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22 README.md
@@ -2,9 +2,9 @@
# LSM B-Tree Storage
-This Erlang-based storage engine implements “Log-structured merge-trees” — a storage structure described in [this paper](http://staff.ustc.edu.cn/~jpq/paper/flash/1996-The%20Log-Structured%20Merge-Tree%20%28LSM-Tree%29.pdf).
+This erlang-based storage engine implements a structure somewhat like LSM-trees (Log-Structured Merge Trees). The notes below describe how this storage engine work; I have not done extensive studies as how it differs from other storage mechanisms, but a brief brows through available online resources on LSM-trees and Fractal Trees indicates that this storage engine is quite different in several respects.
-The storage engine may eventually provide an alternative to Basho Bitcask and Google's LevelDB. Of those two, `lsm_btree` is closer to LevelDB in operational characteristics, except it uses fewer file descriptors than LevelDB, is not as performant, but it is implemented in just ~1000 lines of Erlang. For some the benefit of having a clean and simple Erlang implementation make it worth it.
+The storage engine may eventually provide an alternative backend for Basho's Riak. Of the existing backends, `lsm_btree` is closest to LevelDB in operational characteristics, but it is implemented in just ~1000 lines of Erlang.
Here's the bullet list:
@@ -12,22 +12,19 @@ Here's the bullet list:
- Reasonably fast reads (N records are stored in log<sub>2</sub>(N) B-trees),
- Operations-friendly "append-only" storage (allows you to backup live system, and crash-recovery is very simple)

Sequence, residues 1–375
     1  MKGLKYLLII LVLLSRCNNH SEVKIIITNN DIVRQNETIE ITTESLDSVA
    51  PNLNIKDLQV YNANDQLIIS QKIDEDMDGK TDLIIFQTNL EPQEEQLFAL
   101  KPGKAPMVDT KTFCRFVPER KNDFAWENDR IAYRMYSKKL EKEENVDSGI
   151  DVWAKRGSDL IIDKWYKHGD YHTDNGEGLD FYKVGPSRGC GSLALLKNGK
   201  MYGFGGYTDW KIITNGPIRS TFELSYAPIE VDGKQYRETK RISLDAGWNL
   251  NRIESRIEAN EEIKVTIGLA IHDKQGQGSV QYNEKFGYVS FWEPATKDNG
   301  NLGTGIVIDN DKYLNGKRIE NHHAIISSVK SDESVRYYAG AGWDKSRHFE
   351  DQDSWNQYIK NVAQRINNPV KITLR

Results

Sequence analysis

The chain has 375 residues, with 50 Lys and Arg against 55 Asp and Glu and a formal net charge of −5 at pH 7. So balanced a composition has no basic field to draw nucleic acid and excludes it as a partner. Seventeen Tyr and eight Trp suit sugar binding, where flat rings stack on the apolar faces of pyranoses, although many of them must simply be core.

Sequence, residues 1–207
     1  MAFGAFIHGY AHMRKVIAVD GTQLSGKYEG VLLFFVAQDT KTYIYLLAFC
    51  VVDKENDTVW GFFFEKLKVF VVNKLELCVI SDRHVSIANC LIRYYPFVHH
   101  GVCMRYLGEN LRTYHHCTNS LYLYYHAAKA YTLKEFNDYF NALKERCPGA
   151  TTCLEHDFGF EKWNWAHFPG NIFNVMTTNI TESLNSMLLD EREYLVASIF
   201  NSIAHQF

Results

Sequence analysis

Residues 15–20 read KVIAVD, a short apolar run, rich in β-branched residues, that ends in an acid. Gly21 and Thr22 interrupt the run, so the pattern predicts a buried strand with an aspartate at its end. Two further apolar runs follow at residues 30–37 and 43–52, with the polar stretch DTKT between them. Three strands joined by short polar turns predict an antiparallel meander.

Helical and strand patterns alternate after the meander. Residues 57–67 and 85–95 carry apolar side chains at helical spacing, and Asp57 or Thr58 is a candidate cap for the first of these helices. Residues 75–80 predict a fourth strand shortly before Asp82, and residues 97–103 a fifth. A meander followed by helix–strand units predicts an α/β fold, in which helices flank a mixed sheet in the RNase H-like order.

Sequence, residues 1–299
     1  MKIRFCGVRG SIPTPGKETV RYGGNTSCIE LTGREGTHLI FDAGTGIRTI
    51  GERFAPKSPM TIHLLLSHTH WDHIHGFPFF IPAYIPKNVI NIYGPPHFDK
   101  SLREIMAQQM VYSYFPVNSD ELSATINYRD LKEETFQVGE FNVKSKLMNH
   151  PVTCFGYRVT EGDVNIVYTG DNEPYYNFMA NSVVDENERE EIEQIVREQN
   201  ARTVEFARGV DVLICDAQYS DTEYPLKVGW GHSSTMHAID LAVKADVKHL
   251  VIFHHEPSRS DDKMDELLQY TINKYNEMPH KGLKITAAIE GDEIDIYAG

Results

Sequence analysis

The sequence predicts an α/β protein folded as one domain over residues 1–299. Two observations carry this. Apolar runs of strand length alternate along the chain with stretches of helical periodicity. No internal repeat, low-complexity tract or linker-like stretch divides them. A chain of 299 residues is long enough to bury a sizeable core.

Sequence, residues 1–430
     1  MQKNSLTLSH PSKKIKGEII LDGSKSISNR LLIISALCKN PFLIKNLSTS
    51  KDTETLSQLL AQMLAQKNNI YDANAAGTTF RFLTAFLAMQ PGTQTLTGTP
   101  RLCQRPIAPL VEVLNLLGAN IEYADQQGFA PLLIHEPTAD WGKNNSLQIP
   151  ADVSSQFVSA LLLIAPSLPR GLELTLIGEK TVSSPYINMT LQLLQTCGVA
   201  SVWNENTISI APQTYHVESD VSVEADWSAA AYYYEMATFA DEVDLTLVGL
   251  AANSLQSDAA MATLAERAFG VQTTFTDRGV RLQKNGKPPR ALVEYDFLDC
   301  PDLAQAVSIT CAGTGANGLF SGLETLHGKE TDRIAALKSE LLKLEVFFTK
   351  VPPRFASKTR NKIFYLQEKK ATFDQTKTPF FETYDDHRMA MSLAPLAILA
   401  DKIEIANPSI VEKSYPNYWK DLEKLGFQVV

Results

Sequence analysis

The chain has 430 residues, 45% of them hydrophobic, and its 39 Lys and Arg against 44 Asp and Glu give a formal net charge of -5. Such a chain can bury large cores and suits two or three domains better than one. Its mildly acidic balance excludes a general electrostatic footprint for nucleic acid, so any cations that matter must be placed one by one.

- The cost of evicting stale key/values is amortized into insertion, so you don't need to schedule merge to happen at off-peak hours.
-- Will support range queries (and thus eventually Riak 2i.)
+- Supports range queries (and thus eventually Riak 2i.)
- Doesn't need a boat load of RAM
- All in 1000 lines of pure Erlang code
Once we're a bit more stable, we'll provide a Riak backend.
-### LSM B-Trees vs. Fractal Trees
-LSM B-Trees bear some resemblance with so-called "Fractal Trees&reg;", but LSM B-Trees are much simpler. For instance, our LSM B-Tree does not use any in-place updating (in a Fractal Tree, inner nodes have a buffer space which is updated-in place); also we use bloom filters rather than fractional cascading to speed up multiple B-tree lookups. From published online documents, it does indeed look like fractal trees can be *much* faster (I have not run any performance tests myself).
-
-You can read more about Fractal Trees in this slide deck from [Tokutek](http://www.tokutek.com/2011/11/how-fractal-trees-work-at-mit-today/), a company providing a MySQL backend based on Fractal Trees. They also own some patents related to fractal trees. I have not tried their TokuDB, but it looks truly amazing; I recommend that you try it out if you're hitting the limits of your current MySQL setup.
-
## How a LSM-BTree Works
If there are N records, there are in log<sub>2</sub>(N) levels (each being a plain B-tree in a file named "A-*level*.data"). The file `A-0.data` has 1 record, `A-1.data` has 2 records, `A-2.data` has 4 records, and so on: `A-n.data` has 2<sup>n</sup> records.
-In "stable state", each level file is either full (there) or empty (not there); so if there are e.g. 20 records stored, then there are only data in filed `A-2.data` (4 records) and `A-5.data` (16 records).